You often don’t know the value of what you have until it’s taken away from you. In the words of the Counting Crows, “You don’t know what you got till it’s gone”.
If age-old wisdom and 1990’s rock bands are correct, then Americans still have no idea what government is worth.
Despite a government “shutdown”, U.S. Treasury accounting sheets show that in the first two days following Congress’ failure to pass a budget the United States government spent $63 billion, collected almost $26 billion in taxes, and borrowed approximately $1.6 billion in the form of Treasury securities.
In fact, in day seven of the shutdown, the United States Army spent more than $47,000 on a mechanical bull, a ludicrous expenditure in times of normalcy and a glaringly obvious indicator of this shutdown fallacy. The government is by no means gone.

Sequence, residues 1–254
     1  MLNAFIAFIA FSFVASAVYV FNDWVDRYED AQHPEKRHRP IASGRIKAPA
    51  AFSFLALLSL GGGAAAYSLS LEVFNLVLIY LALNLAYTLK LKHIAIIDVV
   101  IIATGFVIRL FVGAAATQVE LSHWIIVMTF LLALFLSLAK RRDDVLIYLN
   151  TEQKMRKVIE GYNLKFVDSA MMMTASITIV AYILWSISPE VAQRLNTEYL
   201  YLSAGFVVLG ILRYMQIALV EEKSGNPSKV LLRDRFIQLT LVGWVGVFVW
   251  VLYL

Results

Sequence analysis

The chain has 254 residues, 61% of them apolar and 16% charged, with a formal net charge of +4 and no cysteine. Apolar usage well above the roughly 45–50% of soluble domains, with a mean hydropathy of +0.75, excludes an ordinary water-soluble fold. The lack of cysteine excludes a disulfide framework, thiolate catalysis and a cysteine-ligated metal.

For comparison, in the first two days of FY2013, when the government was not “shut down”, the federal government spent $124 billion, collected $29 billion in taxes, and sold $100 billion in government debt.
In other words, the lack of a budget has only cut spending by half and has had a marginal impact on the money taken from citizens.
In fact, according to the Washington Examiner, in reality the shutdown has only reduced government activity by 17percent. Only in Washington would operating at 83 percent capacity be termed a shutdown.
In any other situation, this “shutdown” would be a joke. What business, after its board decides to shut down, continues to spend 50 percent of their budget? What magazine or newspaper, after ending delivery services, continues to collect 90 percent of their subscription fees from customers?
But here’s the scariest part: government has grown so big that, even though it is constitutionally unable to operate, it is still spending extraordinary amounts of money and taxing at a near-normal rate.
What kind of beast have we created? If nothing else, this shutdown has shown us that cutting spending is an extraordinarily difficult task, but an increasingly important one. If the government will never, even in the most extreme circumstances, operate at less than 83 percent of its capacity, then spending cuts must be made. Any other course of action is unsustainable.